For Smith, the main issues in Clackamas County are to ensure voter participation, create jobs, improve the economy and stop tax increases. Smith wants voter participation “especially on major high-cost issues.” She believes that, although current commissioners have “obstructed citizen votes,” she will not have any issues with citizen votes.
Smith plans on creating jobs and improving the economy by “removing government obstacles interfering with manufacturing and natural resource jobs and adding employment lands to county inventory.”
Smith plans on stopping tax increases for projects like the light rail and Sellwood Bridge by borrowing and bonding into the future.
Also, eliminating backroom deals by using transparency is an important task to Smith. She wishes that the interaction between government officials and citizens was better because she knows that the communication in a community is important for making decisions and implementing new ideas.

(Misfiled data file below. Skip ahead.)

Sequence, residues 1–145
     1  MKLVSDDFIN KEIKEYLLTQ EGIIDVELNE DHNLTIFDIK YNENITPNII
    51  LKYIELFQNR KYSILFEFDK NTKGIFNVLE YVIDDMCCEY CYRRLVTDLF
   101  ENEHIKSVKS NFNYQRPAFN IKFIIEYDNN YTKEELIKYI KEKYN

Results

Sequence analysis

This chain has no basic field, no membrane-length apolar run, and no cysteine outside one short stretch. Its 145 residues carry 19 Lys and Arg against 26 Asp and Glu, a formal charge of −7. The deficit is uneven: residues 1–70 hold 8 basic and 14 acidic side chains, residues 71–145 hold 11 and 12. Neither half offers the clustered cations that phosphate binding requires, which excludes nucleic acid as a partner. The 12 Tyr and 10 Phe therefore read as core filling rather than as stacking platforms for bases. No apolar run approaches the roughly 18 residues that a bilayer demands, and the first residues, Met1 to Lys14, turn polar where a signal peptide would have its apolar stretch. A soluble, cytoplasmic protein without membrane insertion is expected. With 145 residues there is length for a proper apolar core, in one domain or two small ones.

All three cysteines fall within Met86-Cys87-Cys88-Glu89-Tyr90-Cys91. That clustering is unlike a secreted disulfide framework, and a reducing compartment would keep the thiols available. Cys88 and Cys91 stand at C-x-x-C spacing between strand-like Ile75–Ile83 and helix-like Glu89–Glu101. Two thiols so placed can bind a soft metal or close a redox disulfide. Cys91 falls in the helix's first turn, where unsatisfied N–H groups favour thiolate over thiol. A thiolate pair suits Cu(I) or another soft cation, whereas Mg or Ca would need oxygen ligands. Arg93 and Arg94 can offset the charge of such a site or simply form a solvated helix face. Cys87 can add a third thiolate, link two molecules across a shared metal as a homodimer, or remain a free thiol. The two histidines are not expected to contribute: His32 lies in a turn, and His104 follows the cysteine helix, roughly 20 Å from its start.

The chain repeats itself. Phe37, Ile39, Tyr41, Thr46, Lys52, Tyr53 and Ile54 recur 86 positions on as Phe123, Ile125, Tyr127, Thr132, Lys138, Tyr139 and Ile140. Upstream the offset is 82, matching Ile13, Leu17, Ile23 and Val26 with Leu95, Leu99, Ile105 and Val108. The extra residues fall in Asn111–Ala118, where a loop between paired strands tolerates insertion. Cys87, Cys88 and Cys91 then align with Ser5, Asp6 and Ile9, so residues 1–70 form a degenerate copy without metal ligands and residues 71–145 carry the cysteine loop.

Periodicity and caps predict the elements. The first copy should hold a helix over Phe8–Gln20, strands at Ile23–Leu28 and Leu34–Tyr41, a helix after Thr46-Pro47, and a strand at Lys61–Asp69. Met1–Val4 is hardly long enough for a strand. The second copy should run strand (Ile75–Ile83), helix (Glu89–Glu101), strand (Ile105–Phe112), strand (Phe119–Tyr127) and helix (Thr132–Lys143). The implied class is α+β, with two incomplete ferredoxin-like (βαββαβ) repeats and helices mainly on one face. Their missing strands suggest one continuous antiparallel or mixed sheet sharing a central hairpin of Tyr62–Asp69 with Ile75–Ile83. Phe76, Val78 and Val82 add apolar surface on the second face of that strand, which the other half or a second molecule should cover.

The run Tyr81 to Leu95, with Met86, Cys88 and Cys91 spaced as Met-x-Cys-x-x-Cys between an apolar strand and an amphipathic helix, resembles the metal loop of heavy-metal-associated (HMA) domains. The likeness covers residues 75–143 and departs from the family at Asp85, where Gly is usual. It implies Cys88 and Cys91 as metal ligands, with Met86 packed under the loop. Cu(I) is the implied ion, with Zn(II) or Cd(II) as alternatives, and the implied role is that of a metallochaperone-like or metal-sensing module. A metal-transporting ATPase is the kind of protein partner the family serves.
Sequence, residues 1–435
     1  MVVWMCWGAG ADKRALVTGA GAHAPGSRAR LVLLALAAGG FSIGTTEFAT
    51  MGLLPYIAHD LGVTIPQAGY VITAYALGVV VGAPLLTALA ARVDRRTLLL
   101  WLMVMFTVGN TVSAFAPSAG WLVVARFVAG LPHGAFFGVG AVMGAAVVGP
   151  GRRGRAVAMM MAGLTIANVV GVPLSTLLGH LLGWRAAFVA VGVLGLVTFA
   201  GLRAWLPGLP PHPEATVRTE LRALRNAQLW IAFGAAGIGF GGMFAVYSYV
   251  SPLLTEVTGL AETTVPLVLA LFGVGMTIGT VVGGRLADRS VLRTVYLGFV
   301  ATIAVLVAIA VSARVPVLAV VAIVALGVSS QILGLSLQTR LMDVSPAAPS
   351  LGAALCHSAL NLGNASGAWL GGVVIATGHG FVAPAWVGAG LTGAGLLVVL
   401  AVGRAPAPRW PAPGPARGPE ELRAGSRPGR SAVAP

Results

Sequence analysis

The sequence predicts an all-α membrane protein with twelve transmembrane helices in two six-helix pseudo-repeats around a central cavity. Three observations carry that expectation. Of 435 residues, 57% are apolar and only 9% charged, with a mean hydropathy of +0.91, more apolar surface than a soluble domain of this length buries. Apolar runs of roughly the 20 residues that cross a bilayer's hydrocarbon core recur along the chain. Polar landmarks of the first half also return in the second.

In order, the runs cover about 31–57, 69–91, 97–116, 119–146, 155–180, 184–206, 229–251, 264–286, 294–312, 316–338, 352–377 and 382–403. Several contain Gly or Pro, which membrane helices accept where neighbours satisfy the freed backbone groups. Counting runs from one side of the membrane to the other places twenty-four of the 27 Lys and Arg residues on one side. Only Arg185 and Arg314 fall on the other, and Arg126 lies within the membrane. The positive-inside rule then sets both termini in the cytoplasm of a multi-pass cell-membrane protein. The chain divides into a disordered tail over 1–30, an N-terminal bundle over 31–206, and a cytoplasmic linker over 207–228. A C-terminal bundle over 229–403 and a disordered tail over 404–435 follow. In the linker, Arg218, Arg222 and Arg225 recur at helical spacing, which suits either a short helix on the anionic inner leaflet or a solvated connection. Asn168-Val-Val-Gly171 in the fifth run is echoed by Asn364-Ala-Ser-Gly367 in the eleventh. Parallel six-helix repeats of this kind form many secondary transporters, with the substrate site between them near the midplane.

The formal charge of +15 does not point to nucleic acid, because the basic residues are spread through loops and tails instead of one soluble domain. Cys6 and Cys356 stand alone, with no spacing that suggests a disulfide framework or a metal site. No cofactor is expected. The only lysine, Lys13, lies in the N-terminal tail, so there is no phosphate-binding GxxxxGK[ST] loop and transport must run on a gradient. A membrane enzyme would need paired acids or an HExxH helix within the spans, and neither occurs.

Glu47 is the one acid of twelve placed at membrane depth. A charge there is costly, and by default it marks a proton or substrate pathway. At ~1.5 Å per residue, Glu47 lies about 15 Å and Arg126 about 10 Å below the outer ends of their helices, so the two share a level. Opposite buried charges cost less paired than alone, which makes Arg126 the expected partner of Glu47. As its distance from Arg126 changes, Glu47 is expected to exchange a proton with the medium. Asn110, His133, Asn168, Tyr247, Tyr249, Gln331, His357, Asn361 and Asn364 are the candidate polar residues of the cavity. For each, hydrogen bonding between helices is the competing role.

“I have experience that government can either support people’s goals or block them,” she said. “For me, that requires making it easier for citizens to engage their elected officials, and more important, I require officials who will listen to their neighbors and act accordingly. Politics is the art of compromise. And compromise can only occur if everyone is at the table. In Clackamas County citizens haven’t had a seat when decisions were made. Or their voices were ignored.”
Damon directs attention towards building the economy and education. She also advocates for a system called “Smart Growth,” which Damon defines as “maximizing the infrastructure investments that you’ve made… so that all the land is used in a maximum potential.”
Smart Growth proposes that the largest amount of people possible should live in one area with the exception of a “buffer-zoning” around farms.” However, it also attempts to optimize the use of land.